When I was in college, during the first month of school we would have a huge poster sale. It was an opportunity for students to make their spaces their own by choosing wall art. I found many great pieces over four years, but my favorite was never hung on a wall. It currently sits in my desk organizer as a constant reminder to read and reflect. Instructions for Life, written by the Dalai Lama.
1. Take into account that great love and great achievements involve great risk.
When I first read this, it was probably the reason I bought the poster. Of course, the other eighteen instructions are just as meaningful and important to any aspect of life. This one just struck me when I need it. On a conscious level, we recognize that in order to achieve big or even to take the next step in life, there’s going to be some risk involved, not a lot, just a bit. On a subconscious level, though, we know that the risks could be huge. The consequences of our actions could be like the butterfly in China causing the rain in the Amazon. We recognize that bad things could happen. But really awesome things could happen too. By learning to swim, someone could be the next Olympic champion. Someone just might get that promotion that they’ve worked so hard to get. By asking that girl in the corner to dance or on a date, you could meet the love of your life.
It takes a willingness to fail, and a lot of the time, we don’t want to think about that part. I just recently went for a promotion. It’s the second step to my dream job. I’d be a paraprofessional library staff member, doing what librarians do. Sure, I’m working on my degree, but I don’t have it yet. I am nervous and afraid and excited. If I don’t get the job, I’ll stay in my current position for as long as I’m able, then move on. If I don’t get the job, I’m still in school and my current position offers me the flexibility to do my best on my schoolwork during the day and work at night. If I get the job, I get to put into practice the skills and competencies that I’m learning in school. I get the schooling and the application almost instantly. If I get the job, I have a much better position from which to work towards my personal LIS goals. If I get the job, I’ll make more money, which means I can save more money. It means I can put more money towards my student loans and my car note. It’s not really about the money, but that’s a pretty nifty bonus.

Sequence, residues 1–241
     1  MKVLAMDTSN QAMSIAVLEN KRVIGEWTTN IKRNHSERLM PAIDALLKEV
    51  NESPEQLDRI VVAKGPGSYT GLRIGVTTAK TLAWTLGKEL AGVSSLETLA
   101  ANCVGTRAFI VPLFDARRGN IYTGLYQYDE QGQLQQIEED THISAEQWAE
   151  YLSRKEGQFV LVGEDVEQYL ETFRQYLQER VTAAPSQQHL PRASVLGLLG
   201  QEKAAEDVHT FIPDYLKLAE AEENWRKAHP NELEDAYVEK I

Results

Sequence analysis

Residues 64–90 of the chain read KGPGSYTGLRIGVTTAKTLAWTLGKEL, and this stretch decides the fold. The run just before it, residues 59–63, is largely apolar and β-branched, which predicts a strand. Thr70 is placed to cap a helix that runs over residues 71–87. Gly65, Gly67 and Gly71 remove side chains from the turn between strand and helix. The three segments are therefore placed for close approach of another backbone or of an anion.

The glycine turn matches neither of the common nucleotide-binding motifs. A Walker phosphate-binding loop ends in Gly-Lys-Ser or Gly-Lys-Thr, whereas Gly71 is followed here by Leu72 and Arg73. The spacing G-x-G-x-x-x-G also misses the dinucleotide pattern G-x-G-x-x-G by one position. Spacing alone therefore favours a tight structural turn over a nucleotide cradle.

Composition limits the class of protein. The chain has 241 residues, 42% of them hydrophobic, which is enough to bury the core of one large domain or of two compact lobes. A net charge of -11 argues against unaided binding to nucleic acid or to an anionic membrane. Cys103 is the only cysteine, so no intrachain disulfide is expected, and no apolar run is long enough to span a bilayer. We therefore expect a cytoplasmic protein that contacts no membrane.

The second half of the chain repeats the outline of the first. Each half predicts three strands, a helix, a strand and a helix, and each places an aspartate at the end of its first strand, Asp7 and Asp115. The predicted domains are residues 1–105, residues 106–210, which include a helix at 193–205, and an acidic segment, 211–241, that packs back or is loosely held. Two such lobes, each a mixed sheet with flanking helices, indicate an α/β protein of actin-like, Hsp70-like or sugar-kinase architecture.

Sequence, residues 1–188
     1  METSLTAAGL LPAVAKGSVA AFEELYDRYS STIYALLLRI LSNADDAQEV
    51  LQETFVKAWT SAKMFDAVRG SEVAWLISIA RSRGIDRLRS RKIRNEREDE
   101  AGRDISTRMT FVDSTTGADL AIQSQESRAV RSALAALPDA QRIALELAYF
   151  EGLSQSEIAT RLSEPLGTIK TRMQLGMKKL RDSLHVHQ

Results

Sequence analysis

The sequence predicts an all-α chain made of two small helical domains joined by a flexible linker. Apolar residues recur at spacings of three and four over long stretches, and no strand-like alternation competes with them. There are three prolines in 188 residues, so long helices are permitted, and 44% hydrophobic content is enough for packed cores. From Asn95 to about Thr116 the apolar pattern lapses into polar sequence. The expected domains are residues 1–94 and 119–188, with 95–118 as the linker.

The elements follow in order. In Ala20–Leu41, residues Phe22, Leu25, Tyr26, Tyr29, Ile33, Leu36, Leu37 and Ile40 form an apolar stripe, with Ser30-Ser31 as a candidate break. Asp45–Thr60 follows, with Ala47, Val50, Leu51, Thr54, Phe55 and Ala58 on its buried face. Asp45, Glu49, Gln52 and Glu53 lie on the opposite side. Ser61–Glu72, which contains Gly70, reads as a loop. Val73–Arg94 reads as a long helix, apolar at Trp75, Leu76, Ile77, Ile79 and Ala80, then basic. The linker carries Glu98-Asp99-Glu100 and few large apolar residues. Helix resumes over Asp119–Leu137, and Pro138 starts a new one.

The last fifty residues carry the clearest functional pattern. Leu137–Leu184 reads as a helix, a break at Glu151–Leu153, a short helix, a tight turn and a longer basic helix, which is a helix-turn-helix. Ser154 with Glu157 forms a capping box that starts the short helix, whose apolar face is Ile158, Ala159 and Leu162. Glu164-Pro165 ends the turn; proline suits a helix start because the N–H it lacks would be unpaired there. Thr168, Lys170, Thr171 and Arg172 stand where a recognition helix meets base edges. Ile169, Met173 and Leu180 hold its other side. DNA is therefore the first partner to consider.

That’s just on a professional level. On a personal level, I am definitely one of those people who does not like heartbreak. Yeah, it’s a part of life, but I don’t want that part. In my perfect world, I meet the girl of my dreams, we get married and have babies. We have our jobs. We have our interests outside of each other and the kids. We have a well-rounded life. But the world isn’t perfect, not even close. There may be a meet cute, but I have to go out and search for that. I have to go out into that imperfect world to find my ideal mate. Why can’t she just come to me? I’m a homebody. I don’t want to go out every weekend to bars and clubs. I’m not that girl. But if I don’t take the risk that meeting people presents, I’ll never have the future I want. That doesn’t mean that I need to be out every weekend at the bars and clubs, but out socializing with people, doing new things. Maybe joining a program like Events and Adventures, which I’ve heard so much about. I actually considered it for a while, but was too nervous. Maybe I’ll get back on OKCupid or some other online dating site, but I worry about creepers. I thought I’d join Dattch, but it hasn’t made its way to my area yet. If it does, and I’m still single, sure I’ll try it. It’s the risks involved with dating and socializing that I don’t want to take, but if I don’t, I’ll be alone. Relationships don’t just happen by sitting in the living room and watching tv.
So, this first instruction is what I’m working on right now. Recognizing the risks involved and doing whatever it is anyway. Everything involves some kind of risk, even watching a tv episode (you’re favorite character might die or the obvious ship will continue to be overlooked).
Until next time, my lovelies.